US tech giant Epic Games has said it will shut down its popular survival game “Fortnite” in China, months after authorities imposed a series of stringent restrictions on the world’s largest gaming market as part of a comprehensive repression of the technology sector.
Beijing has embarked on a comprehensive regulatory containment of a number of industries in an attempt to tighten its control over the economy, with technology companies taking the lead.
Now, Epic has pulled the plug on “Fortnite” and said it will shut down the massively popular game on November 15th.
“On November 15th at 11am, we will turn off game servers and players will no longer be able to log in.”
The move brings an end to a lengthy test of Epic’s version of “Fortnite”, created specifically for the Chinese market, where content is police officers for excessive violence.
Daniel Ahmad, senior video game analyst at Niko Partners, said fighting games like “Fortnite” had faced tighter approval requirements in recent years.
The action-packed shooter and world-building game is one of the most popular in the world with more than 350 million users.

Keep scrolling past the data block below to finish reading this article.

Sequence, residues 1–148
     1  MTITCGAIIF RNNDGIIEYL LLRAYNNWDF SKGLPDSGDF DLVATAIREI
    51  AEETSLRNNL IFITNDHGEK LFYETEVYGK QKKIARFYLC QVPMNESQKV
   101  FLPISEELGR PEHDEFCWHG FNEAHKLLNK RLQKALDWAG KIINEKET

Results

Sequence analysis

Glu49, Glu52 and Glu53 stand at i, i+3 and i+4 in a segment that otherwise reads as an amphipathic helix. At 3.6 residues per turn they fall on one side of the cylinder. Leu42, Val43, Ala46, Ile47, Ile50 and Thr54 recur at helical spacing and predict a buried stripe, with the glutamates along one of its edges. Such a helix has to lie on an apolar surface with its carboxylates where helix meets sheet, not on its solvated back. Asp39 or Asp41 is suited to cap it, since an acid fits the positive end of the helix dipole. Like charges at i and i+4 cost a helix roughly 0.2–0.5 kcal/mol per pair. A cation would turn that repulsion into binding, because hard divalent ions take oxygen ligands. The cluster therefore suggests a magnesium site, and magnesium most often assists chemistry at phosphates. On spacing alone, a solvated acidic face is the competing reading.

Epic is the second U.S.-based company to pull a popular product from China in recent weeks after Microsoft announced in October that it would close its career-oriented social network LinkedIn.
The 213 gaming companies promised in a joint statement to ban content that was “politically harmful, historically nihilistic, dirty and pornographic, bloody and intimidating”.
Epic’s announcement was met with sadness from fans in China, who took to social media to mourn the loss of the game.
Many said they had spent hundreds of hours building their characters and social networks on the game.
bur-tjx / rox / leg